So I will qualify what I said.

In the absence of any or all of the following:

Variable pitch prop
Changes due to towing or carrying heavy cargo
Punching into steep seas
Coping with (or benefiting from) major windage or sails
Out of gear running
(and other similar considerations)

Load and RPM for a propellor-driven boat are directly related.

I was hoping people needing a more nuanced view would be able to apply their own corrections for variables like those I've listed.
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Old 17-03-2014, 18:48   #8
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Re: Diesel Maintenance

@DotDun:

I'm a bit skeptical about varnishing being a problem if an engine is not regularly started - at least, a comparable problem with the inevitable problems which come from starting an engine from cold, like the inevitable condensation in the bores.

Admittedly sulphuric acid in that condensate is less problematic in this low-sulphur diesel age, at least in some parts of the world.

More of an issue (I think) is the irregular and delayed detonation (often incorrectly believed to be premature detonation) caused by the atomised fuel recondensing in a cold engine. Hence the "clatter" which all diesels exhibit until the bores and combustion chambers warm up. The oil is (as yet) not well distributed through the engine to cope with the severe shock loadings from the irregular detonation.

In a 'gold standard' installation, the coolant and the lube oil would both be able to be pre-heated to running temperature, and the respective circulation pumps both be run for a few minutes before starting the engine, and if this was done (and the engine spun a few times with the decompressors open and no fuel being injected), I don't see any impediment to running the engines once a week or fortnight: I think it would be beneficial.



This is just anecdotal, but I've just been present at the inspection of the injector and associated parts of a single-cylinder marine diesel engine which has had multiple long periods of inactivity, often not started even once in a year.

The injector was the original, never removed in 20 years. There is no evidence of varnish accumulation.

Maybe some sources of diesel are (or in former years, were) more prone; I can't comment on this, but I've not personally found varnishing to cause identifiable problems, or had it visibly affect parts I've stripped and checked.

There may admittedly have been injector pump problems I have been unaware of arising from this cause, though ...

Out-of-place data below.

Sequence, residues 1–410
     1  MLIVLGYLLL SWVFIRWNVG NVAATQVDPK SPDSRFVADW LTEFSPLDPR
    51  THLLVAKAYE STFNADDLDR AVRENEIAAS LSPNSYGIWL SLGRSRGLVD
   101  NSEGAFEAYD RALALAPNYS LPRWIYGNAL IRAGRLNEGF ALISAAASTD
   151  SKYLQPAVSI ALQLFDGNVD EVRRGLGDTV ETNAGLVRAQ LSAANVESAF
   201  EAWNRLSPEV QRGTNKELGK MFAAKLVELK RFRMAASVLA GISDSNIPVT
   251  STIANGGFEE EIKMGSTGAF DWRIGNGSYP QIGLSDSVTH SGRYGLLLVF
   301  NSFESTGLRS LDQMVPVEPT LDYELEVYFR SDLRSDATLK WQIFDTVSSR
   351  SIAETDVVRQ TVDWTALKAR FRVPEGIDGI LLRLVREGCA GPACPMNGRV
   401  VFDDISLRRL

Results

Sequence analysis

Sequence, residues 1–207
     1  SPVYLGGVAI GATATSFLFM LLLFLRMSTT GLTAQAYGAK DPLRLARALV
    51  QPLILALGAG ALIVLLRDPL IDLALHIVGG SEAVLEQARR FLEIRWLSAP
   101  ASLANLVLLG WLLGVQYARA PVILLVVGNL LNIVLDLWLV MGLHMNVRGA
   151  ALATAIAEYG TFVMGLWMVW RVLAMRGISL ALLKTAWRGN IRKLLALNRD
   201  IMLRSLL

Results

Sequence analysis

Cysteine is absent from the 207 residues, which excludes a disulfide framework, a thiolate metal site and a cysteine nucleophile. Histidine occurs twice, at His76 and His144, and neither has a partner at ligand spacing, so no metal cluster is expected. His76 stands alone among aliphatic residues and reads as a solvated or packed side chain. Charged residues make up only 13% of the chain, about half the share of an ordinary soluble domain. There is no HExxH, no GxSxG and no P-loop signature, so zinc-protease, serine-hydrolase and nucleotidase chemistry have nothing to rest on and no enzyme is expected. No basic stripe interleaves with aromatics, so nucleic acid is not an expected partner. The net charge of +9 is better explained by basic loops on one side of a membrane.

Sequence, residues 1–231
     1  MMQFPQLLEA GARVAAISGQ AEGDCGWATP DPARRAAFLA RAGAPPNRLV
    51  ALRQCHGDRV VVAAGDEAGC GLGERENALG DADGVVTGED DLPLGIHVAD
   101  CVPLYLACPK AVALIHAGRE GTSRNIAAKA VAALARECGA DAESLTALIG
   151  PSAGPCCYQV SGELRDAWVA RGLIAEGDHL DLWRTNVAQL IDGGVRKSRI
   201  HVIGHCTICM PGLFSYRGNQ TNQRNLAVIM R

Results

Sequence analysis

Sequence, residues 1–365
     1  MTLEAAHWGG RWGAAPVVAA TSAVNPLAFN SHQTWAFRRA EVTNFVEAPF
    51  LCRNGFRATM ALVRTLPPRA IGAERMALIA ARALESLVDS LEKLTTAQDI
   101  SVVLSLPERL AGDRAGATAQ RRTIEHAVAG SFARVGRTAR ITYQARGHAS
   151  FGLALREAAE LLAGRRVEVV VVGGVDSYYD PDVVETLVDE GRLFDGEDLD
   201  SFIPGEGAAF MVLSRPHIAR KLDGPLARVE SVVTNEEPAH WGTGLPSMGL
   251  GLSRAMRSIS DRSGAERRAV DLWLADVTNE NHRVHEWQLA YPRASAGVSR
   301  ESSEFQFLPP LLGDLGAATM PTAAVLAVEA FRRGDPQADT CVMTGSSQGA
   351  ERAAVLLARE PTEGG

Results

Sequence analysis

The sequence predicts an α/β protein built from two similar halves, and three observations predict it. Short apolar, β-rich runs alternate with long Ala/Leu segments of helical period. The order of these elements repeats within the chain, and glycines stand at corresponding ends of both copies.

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Old 17-03-2014, 18:55   #9
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Re: Diesel Maintenance

I think Dockhead is narrowing the scope of potential light-load problems unrealistically when he talks solely about bore glazing and polishing.

The problems of a diesel running at light load importantly include the formation of carbon particles. Partly this is because the dynamics of swirl at low piston speeds are suboptimal, partly it's because an engine at light load will be running too cool (particularly a typical marine installation), resulting in inefficient and incomplete combustion.

These carbon particles cause multiple problems. As well as accelerating wear, they build up (notably in the exhaust elbow, at the injection zone) causing excess back pressure, accelerating the rate of carbon production. Furthermore carbon in this graphitic form acts as though it were a highly "noble" metal, causing that elbow to rot from the inside out, and causing corrosion elsewhere in the engine.

Thinking more about his contention that load and RPM are not inextricably linked:

I struggle to imagine a real-life situation where a marine diesel engine with a fixed pitch prop, running at low revs, would not also be lightly loaded, unless the sterngland was binding, or the prop was fouled.

If there were a headwind causing the engine to struggle, it's not plausible that the speed control would not be used to increase engine revs, to take one example...

I think his objection is a misapplication of a general dictum (Load is not necessarily tied to Revs) to a particular situation where there is effectively a tie.